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The University of Farmington in Michigan, US, has a run-of-the-mill website, offers bachelors and masters courses in science and business administration, charges tuition of USD 2,000 to 2,500 every quarter, and most importantly – it doesn’t exist. Hundreds of Indians living in the US face deportation, a further ban on entering into the country, and even arrest, because of a massive operation conducted by the U.S. Department of Homeland Security, where they created a fake university by the name of University of Farmington – with the sole aim of trapping immigration agents and illegal immigrants, who were extending their stay in America on the pretext of being students. While eight agents, almost all of them from Andhra Pradesh and Telangana, have been arrested so far, at least 600 ‘students’ of the university are under the scanner – and most of them are Indians. These are people who entered the US on a valid student visa, but decided to extend their stay illegally, according to reports.
In an elaborate plan laid over three years, officials from the United States Homeland Security have arrested eight Indian origin student recruiters, and hundreds of others are being called in for questioning after it was found that the students were staying in the country illegally with the help of recruiters. These are people who were working in the US under an F-1 visa – a type of non-immigrant student visa that allows foreigners to pursue education in the United States. However, while they were on student visas, they were allegedly working in the country through a work-study program called Curriculum Practical Training, instead of studying.
As part of the sting operation, the agents had created a fake university based in Farmington Hills, Michigan. The recruiters did not know they were part of such a plan to lure in the students.
Officials are currently investigating those who are enrolled as students in the fake university. One student has allegedly been let off as she had already booked a ticket back to India prior to being questioned.
Recruiters who have been arrested have been identified as: Bharath Kakireddy (29) from Lake Mary, Florida; Aswanth Nune (26) from Atlanta; Suresh Reddy Kandala (31) from Culpeper, Virginia; Phanideep Karnati (35) from Louisville, Kentucky; Prem Kumar Rampeesa (26) from Charlotte, North Carolina; Santosh Reddy Sama (28) from Fremont, California; Avinash Thakkallapally (28) from Harrisburg, Pennsylvania; and Naveen Prathipati (29) from Dallas.
“These suspects aided hundreds of foreign nationals to remain in the United States illegally by helping to portray them as students, which they most certainly were not,” The Detroit News quoted Steve Francis, special agent in charge of U.S. Immigration and Customs Enforcement’s Homeland Security Investigations office in Detroit as saying.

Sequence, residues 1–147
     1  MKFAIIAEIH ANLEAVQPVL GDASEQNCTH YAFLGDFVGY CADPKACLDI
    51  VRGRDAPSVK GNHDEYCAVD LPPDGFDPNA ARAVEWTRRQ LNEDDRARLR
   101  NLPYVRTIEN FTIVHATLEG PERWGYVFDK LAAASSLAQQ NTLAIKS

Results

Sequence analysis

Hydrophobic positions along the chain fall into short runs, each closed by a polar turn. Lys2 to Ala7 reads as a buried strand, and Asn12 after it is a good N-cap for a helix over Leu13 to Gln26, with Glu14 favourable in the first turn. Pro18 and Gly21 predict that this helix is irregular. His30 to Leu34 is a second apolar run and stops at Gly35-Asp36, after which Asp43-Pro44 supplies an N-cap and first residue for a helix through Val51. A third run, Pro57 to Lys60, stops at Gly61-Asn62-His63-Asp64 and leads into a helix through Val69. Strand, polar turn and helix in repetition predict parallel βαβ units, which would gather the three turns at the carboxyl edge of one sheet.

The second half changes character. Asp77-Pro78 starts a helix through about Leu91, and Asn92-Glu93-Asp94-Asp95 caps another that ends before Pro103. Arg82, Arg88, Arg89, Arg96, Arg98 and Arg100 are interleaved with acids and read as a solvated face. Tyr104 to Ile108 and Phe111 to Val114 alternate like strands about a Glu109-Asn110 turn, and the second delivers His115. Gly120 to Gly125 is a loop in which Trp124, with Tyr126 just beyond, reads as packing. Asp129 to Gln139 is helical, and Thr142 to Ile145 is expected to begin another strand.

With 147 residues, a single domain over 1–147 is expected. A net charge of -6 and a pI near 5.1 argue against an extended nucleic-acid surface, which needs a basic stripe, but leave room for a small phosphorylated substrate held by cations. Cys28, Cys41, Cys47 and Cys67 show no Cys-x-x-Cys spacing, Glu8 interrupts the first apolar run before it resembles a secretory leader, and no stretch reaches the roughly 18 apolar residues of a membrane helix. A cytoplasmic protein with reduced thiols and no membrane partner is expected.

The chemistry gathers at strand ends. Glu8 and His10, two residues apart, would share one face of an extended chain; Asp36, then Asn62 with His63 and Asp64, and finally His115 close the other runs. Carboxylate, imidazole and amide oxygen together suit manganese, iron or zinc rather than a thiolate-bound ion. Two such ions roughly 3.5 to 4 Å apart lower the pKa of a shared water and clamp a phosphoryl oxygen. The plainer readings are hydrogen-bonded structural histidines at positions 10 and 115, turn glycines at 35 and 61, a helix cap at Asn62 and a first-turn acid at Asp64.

“We are all aware that international students can be a valuable asset to our country, but as this case shows, the well-intended international student visa program can also be exploited and abused,” said US Attorney for the Eastern District of Michigan Matthew Schneider.
The University of Farmington was a fake university created in 2015 in an operation termed “Paper Chase” which was designed by Homeland Security agents to track down and arrest recruiters and others who were working to help foreign students stay in the country illegally. A simple google search reveals an official page to the college which states it has been in place since 1950. The university offered just one class per semester, and had just two rooms, according to some reports. Beginning in February 2017, Homeland Security agents began posing as officials of the university.
Federal agents made up an elaborate plan, setting up a website for the university, which stated, “Located in the heart of the automotive and advanced manufacturing center of Southeast Michigan, the University of Farmington provides students from throughout the world a unique educational experience. Our dynamic business administration and STEM curriculum allows students to rapidly apply their knowledge; preparing them to succeed in an ever-globalising economy.”
It was found that the foreign students who were present in the country, were using proof of having a student F-1 visa, obtained via enrolling in the university to get a Day 1 CPT (Curricular Practical Training). The CPT allowed students on the F-1 visa to be able to obtain a part-time job, which then paved the way for them to continue staying in the country.
The university was being used by foreign citizens as a ‘pay to stay’ scheme which allowed these individuals to stay in the United States as a result of of foreign citizens falsely asserting that they were enrolled as full-time students in an approved educational program and that they were making normal progress toward completion of the course of study,” the indictment reportedly states.